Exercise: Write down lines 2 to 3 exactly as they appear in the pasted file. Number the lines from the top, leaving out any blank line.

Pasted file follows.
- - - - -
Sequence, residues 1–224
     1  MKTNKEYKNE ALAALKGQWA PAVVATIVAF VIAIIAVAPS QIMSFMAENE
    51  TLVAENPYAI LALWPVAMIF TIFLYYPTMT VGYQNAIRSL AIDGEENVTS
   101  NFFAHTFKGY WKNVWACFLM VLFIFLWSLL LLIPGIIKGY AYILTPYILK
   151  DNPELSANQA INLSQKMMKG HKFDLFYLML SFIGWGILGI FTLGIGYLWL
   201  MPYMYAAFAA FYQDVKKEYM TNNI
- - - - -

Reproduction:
     1  MKTNKEYKNE ALAALKGQWA PAVVATIVAF VIAIIAVAPS QIMSFMAENE
    51  TLVAENPYAI LALWPVAMIF TIFLYYPTMT VGYQNAIRSL AIDGEENVTS